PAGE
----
Muntadhar al-Zeidi, the journalist who threw his shoes at President Bush yesterday is being lauded as a hero throughout the Middle East while he remains under arrest. This is progress if Arabs are willing to make a hero out of someone who didn't kill anyone. Maybe this kind of slapstick humiliation will be the form of nonviolent protest that finally catches on in the Arab world. What would it look like, for instance, if Palestinian kids threw shoes instead of rocks at Israeli soldiers? Would anyone dare fire even a rubber bullet in retaliation for that? The intrepid reporter could well become a "model for emulation," to borrow from Shiite hierarchical terminology, not only in Arab lands but around the world, as I suggested yesterday.
I haven't heard any yet, but I'm sure there are bound to be killjoys who'll grumble that "he wouldn't have dared do that to Saddam," or "he's lucky that Bush has a sense of humor." We should probably take such people somewhat seriously if they want to argue that yesterday's scene was proof of progress for the American agenda in Iraq -- presuming that the reporter will get away reasonably unscathed. The only thing you might want to suggest if you hear anything along those lines is, that if it's a good thing that an Iraqi can throw a shoe at a leader and not get executed, then they shouldn't complain about their poor president having to duck the free expression of an Iraqi citizen.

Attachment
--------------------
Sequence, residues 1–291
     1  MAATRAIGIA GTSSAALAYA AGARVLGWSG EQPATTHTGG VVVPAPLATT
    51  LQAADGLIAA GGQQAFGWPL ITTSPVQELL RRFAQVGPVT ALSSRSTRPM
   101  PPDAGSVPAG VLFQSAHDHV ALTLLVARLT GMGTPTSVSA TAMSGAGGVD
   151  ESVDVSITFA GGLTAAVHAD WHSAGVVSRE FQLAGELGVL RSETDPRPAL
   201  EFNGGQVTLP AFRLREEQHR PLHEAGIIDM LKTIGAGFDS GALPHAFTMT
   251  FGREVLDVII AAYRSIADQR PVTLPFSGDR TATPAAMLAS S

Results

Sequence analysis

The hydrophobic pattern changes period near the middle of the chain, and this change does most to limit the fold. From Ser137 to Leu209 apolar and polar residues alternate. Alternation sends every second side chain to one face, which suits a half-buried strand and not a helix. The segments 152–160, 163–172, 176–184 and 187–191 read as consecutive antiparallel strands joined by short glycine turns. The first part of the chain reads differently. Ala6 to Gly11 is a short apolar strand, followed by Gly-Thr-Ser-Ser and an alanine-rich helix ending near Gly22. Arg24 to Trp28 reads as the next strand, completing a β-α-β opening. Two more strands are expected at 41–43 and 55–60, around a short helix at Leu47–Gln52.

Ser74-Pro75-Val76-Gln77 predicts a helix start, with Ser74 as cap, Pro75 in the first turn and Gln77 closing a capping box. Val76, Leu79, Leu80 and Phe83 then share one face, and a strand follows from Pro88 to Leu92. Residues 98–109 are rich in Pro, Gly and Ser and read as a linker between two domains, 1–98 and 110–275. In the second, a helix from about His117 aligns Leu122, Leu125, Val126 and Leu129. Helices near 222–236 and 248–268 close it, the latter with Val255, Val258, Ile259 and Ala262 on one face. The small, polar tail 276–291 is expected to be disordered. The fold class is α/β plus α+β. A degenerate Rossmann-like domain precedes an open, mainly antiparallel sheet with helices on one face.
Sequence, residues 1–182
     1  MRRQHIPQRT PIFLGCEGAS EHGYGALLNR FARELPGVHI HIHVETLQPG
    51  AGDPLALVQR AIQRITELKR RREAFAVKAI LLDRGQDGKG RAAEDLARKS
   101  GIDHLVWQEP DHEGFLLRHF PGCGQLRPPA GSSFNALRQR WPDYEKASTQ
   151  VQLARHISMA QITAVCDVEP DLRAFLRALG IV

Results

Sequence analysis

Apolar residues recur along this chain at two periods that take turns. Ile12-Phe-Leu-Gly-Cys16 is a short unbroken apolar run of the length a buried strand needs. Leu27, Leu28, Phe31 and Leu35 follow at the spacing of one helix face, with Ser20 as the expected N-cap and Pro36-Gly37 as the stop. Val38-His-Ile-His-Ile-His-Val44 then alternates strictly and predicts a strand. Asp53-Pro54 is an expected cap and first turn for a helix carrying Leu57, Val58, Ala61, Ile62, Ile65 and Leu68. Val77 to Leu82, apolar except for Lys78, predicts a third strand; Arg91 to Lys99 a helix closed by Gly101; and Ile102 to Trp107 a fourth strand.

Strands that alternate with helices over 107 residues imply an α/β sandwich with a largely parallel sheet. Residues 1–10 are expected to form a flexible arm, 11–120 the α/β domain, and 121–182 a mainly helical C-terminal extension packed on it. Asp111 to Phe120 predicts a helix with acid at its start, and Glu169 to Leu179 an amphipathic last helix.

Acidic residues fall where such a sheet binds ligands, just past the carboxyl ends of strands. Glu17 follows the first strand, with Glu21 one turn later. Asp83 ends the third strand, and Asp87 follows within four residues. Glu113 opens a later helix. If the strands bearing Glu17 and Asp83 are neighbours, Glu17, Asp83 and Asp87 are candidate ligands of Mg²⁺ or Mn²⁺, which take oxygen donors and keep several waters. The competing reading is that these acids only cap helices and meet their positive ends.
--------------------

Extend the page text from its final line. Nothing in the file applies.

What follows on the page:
Update: NBC has found some Iraqis to deplore the incident, and that shouldn't surprise us. From one point of view, al-Zeidi's act was "undignified," and liberal Iraqis are just as likely as Americans to insist on "dignity" and "respect" under all circumstances. Other Iraqi critics raise the point of hospitality to a guest, but I imagine that other Iraqis would dispute Bush's entitlement to "guest" status. Scroll down the link page and you'll see a sample of American opinion from the indignant to the amused. Speaking for myself, I don't think al-Zeidi needed to hit Bush to make his point. The point is to embarrass the man, not hurt him.